“What’s your biggest weakness?” is a classic job interview question.
Imagine answering “procrastination”… on national TV! That’s exactly what one millennial did on Job or No Job, a new show that takes a behind-the-scenes look at young adults trying to snare that first position. The series, from the producers of Undercover Boss, proves entertaining and informative, and a great way for millennials to pick up some job-hunting advice through the mistakes of others. (And parents get to see what really happens in an interview.)
Gen Y loves reality shows, and this has not escaped the notice of TV execs. Job or No Job is one of four new millennial-themed programs that will launch on the ABC Family channel in August. Next Step Realty: NYC follows a Manhattan-based real estate firm that helps recent college graduates find their first apartments in New York City. (Good luck!) On the West Coast, Startup U focuses on budding entrepreneurs still in college. And in the offbeat category, Monica the Medium is a college student who can communicate with the dead.
Job or No Job follows millennials seeking to launch careers in advertising, graphic design, fashion, real estate and other industries. The job candidates leave their hometowns and temporarily relocate to major cities, where they navigate through three job interviews, explore the urban landscape and find a potential place to live.
During the interviews, they are observed on hidden camera by Jane Buckingham, a career expert and CEO of Trendera, a forecasting firm. In the first episode, which airs Aug. 5, a private chef from Dallas heads to Chicago with hopes of landing her first restaurant job. The interviews do not initially go well: She forgets her résumé, drops food down her dress and accidentally swears. But Buckingham comes to the rescue with some guidance.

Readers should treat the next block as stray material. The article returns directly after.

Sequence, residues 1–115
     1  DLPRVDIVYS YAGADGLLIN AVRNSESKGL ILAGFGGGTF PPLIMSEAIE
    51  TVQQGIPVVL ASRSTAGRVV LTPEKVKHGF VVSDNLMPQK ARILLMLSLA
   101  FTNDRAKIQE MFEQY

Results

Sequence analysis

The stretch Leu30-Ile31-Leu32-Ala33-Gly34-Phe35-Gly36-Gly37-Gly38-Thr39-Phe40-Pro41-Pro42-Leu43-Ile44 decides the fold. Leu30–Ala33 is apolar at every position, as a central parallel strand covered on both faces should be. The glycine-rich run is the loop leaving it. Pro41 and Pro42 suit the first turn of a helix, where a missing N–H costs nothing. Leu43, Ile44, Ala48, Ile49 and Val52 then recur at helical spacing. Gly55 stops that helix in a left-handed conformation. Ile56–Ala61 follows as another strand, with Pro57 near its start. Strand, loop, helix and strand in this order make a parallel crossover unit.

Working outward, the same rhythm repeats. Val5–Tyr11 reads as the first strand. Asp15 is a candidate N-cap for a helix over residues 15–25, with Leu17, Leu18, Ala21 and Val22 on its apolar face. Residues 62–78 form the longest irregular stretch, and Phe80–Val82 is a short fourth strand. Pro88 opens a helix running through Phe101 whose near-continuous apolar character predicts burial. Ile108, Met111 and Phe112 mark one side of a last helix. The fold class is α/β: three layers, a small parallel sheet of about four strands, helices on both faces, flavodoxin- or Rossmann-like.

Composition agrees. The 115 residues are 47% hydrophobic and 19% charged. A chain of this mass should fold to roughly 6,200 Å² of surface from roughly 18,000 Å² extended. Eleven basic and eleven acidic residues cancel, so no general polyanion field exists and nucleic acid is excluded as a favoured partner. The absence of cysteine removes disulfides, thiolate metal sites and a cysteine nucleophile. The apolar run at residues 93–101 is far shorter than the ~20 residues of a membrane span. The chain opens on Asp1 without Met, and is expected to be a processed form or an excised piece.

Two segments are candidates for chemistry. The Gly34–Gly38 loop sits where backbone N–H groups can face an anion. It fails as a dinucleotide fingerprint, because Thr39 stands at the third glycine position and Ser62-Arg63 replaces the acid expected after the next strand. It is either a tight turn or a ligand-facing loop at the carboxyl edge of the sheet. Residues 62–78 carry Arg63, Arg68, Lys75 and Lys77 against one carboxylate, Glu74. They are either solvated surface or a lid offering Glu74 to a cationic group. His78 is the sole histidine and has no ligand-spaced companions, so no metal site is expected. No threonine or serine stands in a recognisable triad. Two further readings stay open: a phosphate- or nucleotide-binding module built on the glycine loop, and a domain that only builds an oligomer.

We caught up with Buckingham as she was between shooting episodes in Nashville, New York, Chicago and Portland, among other cities. Although she didn’t want to give too much away, she did offer some observations on millennial job candidates.
While much of the interview process and advice is the same as it has been for generations — no typos in résumés, wear dress-for-success clothing, research the company — a few elements have changed. The first is the increased competition. “Because there are so many candidates, the boss has the pick of the litter, and more and more bosses ask for additional work and writing samples. They are not going to hire you simply because you sound good in a 20-minute interview,” Buckingham says. Often as part of the post-interview process, there is an extensive “homework” assignment, which can range from a show-and-tell pitch to a client to writing a social media plan.
Often several candidates are equally well qualified, and the next decision comes down to what some HR people call the “Would I want to be stuck in an airport with this person” test. “Personality plays a huge role," Buckingham says. “It’s like dating someone. You’re going to spend a lot of time with this person at work.”
The personality card turns out to be sticking point for some millennials, as they are not used to being disliked. “Figuring out how to present themselves can be a challenge. There’s a fine line between being confident and cocky,” she says.
So how to answer that “worst trait” question? Buckingham advises millennials not to pick a personality flaw, such as being a workaholic or a perfectionist. Instead focus on improving a skill, such as learning a software program. “With a personality trait, people don’t change,” she says. “With a skill, that’s something that can be fixed and improved.”
Mary W. Quigley’s blog, Mothering21 , tackles parenting of emerging adults and beyond.
Photo: ABC Family TV
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